Digging by treasure hunters in the Philippines for gold treasures, apparently hidden by World War II Japanese generals, threatens to trigger a landslide in a remote village.
According to the anthropologist, the search for the legendary buried treasure was inspired by the poppies in Philippine cemeteries. The treasure appears to be just that, a fable, as historians say it probably existed.
“People [have] invested a lot of money and a lot of time and effort “We’re looking for things that are probably there,” said Piers Kelly, a lipid athropologist at the University of New England and Armidale, Australia.
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But according to local officials, the treasure hunters claim that Mapila public authorities gave them permission to dig and that they will continue those excavations, Paпay News reported. The treasure hunters also expelled local police from the excavation site.
The town where the excavations are taking place is situated on a hillside and faces a “very high risk” of landslides, according to a preliminary assessment by the Philippine Mias and Geosciences Office. Locals fear that the excavations could undermine the slope above them and that even houses could be buried as a result.
The mayor of the Igbaras district, Jaime Esmeralda, has assured the towns that his officials have obtained permits for treasure hunting, excavation or mining in the area.
He has now asked National Museum of the Philippines and Mapila officials to investigate whether the museum issued a permit for the treasure hunt.
Treasure hunters are believed to be searching for Yamashita gold, a legendary hoard of lipotes and other valuables said to have been unearthed somewhere in the Philippine Islands at the end of World War II.
Yamashita gold is named after General Tomoyυki Yamashita, the Japanese commander in the Philippines at the time.
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According to legend, Yamashita served as the main treasure of war loot in the Philippines, collected during the Japanese wartime occupation of Southeast Asia. Yamashita and his troops resisted invading state forces for several weeks after the Japanese withdrawal in September 1945, but were captured, tried for war crimes, and executed in 1946.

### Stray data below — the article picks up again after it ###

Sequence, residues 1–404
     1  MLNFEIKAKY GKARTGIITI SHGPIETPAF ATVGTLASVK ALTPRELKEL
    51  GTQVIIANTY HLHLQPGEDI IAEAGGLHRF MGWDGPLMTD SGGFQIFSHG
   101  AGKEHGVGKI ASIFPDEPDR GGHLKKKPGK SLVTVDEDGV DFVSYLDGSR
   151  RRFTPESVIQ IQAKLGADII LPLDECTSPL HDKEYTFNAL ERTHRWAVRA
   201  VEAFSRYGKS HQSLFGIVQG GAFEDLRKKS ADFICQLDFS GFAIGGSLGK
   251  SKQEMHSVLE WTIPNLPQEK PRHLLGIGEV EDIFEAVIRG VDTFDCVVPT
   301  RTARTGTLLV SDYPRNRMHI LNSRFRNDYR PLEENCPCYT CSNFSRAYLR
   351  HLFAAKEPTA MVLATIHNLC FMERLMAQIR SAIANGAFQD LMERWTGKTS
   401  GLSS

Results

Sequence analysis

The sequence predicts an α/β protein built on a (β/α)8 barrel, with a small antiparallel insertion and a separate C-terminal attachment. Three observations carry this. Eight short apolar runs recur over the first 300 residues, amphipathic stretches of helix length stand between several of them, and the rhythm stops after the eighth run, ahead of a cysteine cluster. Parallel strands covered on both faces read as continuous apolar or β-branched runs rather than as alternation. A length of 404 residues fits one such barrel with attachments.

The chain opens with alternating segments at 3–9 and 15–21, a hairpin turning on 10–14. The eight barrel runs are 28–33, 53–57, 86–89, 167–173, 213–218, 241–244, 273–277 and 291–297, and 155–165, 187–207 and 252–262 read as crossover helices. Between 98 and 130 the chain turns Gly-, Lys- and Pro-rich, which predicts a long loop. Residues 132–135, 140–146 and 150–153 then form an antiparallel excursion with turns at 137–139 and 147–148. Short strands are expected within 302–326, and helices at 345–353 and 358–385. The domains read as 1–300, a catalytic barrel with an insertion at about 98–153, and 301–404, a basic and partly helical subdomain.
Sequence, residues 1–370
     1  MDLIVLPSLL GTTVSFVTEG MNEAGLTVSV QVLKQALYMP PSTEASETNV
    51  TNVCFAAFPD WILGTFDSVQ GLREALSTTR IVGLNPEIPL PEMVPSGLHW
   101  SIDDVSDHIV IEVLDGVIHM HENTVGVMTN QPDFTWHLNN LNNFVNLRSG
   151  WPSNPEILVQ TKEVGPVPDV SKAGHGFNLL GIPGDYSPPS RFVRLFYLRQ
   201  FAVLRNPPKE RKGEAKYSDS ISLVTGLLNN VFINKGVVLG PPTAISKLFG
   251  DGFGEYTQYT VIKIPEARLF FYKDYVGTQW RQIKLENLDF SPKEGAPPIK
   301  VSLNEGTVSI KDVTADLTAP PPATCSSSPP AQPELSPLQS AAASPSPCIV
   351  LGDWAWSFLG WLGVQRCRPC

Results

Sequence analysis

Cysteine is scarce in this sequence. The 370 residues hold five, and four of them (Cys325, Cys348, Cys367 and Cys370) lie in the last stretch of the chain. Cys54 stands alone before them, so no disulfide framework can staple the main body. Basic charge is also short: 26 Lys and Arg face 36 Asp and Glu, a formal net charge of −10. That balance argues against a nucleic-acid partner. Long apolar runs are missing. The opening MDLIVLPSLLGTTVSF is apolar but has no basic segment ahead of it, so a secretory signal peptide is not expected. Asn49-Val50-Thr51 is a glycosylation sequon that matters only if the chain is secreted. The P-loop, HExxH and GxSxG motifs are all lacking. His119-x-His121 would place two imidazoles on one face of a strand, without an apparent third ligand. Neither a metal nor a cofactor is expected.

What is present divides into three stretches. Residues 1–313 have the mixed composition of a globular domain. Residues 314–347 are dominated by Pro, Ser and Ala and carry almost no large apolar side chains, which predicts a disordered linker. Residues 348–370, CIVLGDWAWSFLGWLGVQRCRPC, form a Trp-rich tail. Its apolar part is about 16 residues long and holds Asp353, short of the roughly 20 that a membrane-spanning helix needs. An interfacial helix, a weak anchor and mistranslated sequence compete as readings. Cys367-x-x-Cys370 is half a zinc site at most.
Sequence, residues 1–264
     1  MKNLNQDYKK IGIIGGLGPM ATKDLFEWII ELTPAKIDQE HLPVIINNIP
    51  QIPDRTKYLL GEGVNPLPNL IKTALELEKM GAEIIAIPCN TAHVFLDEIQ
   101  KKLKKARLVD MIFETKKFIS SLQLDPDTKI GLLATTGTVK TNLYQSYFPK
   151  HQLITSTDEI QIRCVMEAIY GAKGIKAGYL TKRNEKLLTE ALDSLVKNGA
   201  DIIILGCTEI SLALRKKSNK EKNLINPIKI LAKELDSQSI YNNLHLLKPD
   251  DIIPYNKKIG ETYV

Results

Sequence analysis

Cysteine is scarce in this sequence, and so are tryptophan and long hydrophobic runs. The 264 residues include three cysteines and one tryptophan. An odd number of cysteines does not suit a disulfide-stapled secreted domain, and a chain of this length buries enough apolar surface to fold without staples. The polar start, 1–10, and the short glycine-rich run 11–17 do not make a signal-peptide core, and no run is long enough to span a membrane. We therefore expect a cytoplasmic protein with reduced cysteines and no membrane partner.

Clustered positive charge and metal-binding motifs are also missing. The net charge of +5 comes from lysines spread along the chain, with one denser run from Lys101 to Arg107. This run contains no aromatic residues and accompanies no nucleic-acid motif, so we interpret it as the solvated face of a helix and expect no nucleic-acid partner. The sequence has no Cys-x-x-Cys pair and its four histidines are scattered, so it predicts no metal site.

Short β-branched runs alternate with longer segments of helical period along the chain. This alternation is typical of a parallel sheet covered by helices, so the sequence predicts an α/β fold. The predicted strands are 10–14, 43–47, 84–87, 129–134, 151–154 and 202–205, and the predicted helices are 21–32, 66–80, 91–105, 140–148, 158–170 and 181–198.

However, Yamashita’s legendary eternal treasure has attracted treasure hunters for more than 50 years and has been the subject of several books. By some estimates, it could be worth up to hundreds of millions of dollars today.
In a 1988 court case in the United States, a Filipino treasure hunter named Rogelio Roxas sued former Philippine president Ferdipad Marcos for stealing part of the Yamashita treasure that Roxas had discovered. In 2005, judges ruled in favor of Roxas, awarding the treasure hunter $13 million.
But that по has dismissed local enthusiasm for the Yamashita gold rush, and historians have attempted to continue quelling the rumors.
Ricardo José, a history professor at the University of the Philippines, told a newspaper in 2005 that Japan had lost control of the seas in 1943, so the Philippine islands would have become an extremely healthy place to hide the most important treasure. that Japan would have left at the end of the century. war.
Kelly said the most popular legend about buried treasure he unearthed in the Philippines dates back to the 17th century, and it is a story about how the pirate Limahog Chipo unearthed legendary loot, something related to a place in the Papgasiпa region and the Philippines. as reported by The Mailla Times
Stories of pirate treasure emerged furiously replaced by stories of gold lost from Mexico during the Spanish colonization of the Philippines, and later by stories of treasure hidden in silver dollars. “For some reason, that’s the US government’s favorite treasure, it’s already in barrels,” he said.
Yamashita’s perpetual quest for eternal gold has come at a huge cost to the Philippines’ true scientific treasures, Kelly said. Treasure hunting has severely damaged several important archaeological sites, including the oldest vessel excavation site at Ayυb Cave and Miпdaпao Island, researchers wrote in the journal Archaeology Ethпology and Aпthropology of Europe.
“The Philippines is a really rich and very interesting archaeology, but it’s really about treasure hunting, what people have in it is more or less a comic book idea of what treasure is,” he said. “It’s very folkloric.”
The official permission given to treasure hunters to dig to Papay Island is currently under investigation, Papay News reported, and provincial authorities have been informed of the threat of landslides in the area.
But for now, Yamashita’s search for gold continues.https://youtu.be/nLyHgnVo0
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